News Feed: Fast Food and Hormones, Nordic Diets and Family Meals

Want fries with that hormone disrupter?

Yet another reason to skip fast food if you want to eat healthy: A new study indicates that fast food may expose those who consume it to chemicals called phthalates, which can disrupt hormones and even lower sperm count in men.

Researchers at the George Washington University Milken Institute School of Public Health found that people who had consumed more than 35 percent of their calories from fast food in the previous 24 hours had significantly higher levels of two phthalate byproducts, DEHP and DiNP. The authors suggest that the phthalates may have gotten into food — possibly from sources like plastic gloves or conveyor belts — during preparation or packaging, and that the heat from cooking may exacerbate the issue.

heritage carrot varienties

Photo by: David Neal Hanlon ©David Neal Hanlon

David Neal Hanlon, David Neal Hanlon

Nordic, the new Mediterranean

Should you eat like a Nordic person? Research indicates that eating like the denizens of Denmark, Finland, Iceland, Norway and Sweden might not be the worst idea in the world. Sticking to a Nordic diet, which emphasizes “whole grains, fatty fish, root vegetables, cabbage, rapeseed oil and bilberries” (bilberries are similar to blueberries), may bring down your LDL cholesterol level and blood pressure, lowering your risk of cardiovascular disease and possibly helping you lose weight, Time reports.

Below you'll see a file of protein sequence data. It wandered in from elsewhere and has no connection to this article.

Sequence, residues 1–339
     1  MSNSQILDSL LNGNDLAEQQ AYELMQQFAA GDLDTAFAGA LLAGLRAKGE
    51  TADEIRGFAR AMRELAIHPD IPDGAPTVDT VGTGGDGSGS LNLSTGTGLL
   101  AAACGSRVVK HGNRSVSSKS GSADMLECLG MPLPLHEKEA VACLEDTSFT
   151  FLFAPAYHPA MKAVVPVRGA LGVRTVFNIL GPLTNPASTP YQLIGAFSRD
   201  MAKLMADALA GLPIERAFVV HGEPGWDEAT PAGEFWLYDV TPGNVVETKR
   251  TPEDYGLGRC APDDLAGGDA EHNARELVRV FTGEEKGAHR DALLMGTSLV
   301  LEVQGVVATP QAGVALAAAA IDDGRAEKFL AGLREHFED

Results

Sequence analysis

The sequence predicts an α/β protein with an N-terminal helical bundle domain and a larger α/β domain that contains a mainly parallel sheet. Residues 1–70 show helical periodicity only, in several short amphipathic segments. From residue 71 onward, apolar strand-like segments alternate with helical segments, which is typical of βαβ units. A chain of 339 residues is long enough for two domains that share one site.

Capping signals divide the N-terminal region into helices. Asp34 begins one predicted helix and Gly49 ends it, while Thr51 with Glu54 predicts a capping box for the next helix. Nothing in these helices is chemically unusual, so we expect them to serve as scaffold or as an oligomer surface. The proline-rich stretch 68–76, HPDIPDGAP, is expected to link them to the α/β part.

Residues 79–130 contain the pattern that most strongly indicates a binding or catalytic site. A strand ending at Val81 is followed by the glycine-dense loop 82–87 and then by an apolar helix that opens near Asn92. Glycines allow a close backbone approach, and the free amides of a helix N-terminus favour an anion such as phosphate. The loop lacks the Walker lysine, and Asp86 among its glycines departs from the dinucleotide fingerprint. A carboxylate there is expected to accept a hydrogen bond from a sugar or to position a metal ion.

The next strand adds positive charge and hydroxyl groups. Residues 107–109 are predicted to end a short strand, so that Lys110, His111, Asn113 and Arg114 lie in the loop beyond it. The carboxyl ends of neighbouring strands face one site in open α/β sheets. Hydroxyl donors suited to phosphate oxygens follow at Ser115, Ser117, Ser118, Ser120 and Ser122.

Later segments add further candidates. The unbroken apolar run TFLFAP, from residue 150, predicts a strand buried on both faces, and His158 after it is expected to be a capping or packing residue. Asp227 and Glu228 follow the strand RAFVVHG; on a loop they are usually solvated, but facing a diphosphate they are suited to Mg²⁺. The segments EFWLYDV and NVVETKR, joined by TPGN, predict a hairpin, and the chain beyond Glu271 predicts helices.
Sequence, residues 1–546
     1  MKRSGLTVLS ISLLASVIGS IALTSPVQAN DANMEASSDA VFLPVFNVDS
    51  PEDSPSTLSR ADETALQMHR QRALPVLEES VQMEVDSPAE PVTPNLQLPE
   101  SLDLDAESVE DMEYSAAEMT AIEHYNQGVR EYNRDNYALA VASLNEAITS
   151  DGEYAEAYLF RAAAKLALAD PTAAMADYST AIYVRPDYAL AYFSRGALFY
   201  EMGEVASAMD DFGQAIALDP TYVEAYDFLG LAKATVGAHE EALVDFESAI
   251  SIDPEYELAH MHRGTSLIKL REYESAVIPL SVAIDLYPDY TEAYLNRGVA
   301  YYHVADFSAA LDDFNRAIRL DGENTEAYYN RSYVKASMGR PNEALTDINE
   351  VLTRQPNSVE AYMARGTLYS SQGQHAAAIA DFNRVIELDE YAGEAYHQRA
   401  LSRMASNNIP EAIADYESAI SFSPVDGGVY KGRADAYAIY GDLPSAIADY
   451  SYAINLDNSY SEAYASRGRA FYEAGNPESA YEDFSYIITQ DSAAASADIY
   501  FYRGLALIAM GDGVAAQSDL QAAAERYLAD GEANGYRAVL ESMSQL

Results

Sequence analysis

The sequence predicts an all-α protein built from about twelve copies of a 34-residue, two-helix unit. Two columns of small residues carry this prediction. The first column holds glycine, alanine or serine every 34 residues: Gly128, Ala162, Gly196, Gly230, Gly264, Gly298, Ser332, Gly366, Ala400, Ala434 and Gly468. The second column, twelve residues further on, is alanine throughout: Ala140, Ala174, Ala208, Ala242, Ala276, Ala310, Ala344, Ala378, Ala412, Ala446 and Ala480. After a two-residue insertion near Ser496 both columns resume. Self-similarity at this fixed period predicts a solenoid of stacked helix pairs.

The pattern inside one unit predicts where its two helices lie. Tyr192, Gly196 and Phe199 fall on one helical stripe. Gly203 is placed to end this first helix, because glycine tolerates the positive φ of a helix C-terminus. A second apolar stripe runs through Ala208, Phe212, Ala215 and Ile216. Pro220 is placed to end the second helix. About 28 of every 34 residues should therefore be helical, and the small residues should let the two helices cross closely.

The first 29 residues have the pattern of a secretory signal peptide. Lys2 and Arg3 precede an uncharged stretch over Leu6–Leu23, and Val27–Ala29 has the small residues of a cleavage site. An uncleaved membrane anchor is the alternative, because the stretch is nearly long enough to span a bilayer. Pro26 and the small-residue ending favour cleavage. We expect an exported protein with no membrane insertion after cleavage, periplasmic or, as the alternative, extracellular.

“The healthy Nordic diet was not so strict that we would have instructed participants to weigh their food or eat exactly certain amounts of some foods,” study co-author Maria Lankinen, of the University of Eastern Finland, told Time. “It was much more flexible so that everybody could follow that diet easily forever.”


Photo by: Simon Winnall ©(c) Simon Winnall

Simon Winnall, (c) Simon Winnall

Kids, come for dinner!

Eating dinner together as a family has been credited with everything from helping kids do better in school to bolstering adolescents’ mental health to lowering their risk of substance abuse. But why? Writing in The New York Times, psychologist and author Lisa Damour posits that it all comes down to “authoritative parenting.”

Authoritative parents “hold high standards for behavior while being lovingly engaged” with their kids, Damour writes, adding, “Decades of research have documented that teenagers raised by authoritative parents are the ones most likely to do well at school, enjoy abundant psychological health and stay out of trouble.”

Regularly sitting down to a meal as a family calls for the combination of structure and warmth that defines authoritative parenting, Damour suggests. So set the table and summon the kids. (Or better yet, summon the kids to set the table!)

Amy Reiter is a writer and editor based in New York. A regular contributor to The Los Angeles Times, she has also written for The New York Times, The Washington Post, Glamour, Marie Claire, The Daily Beast and Wine Spectator, among others, as well as for Salon, where she was a longtime editor and senior writer. In addition to contributing to Healthy Eats, she blogs for Food Network’s FN Dish.

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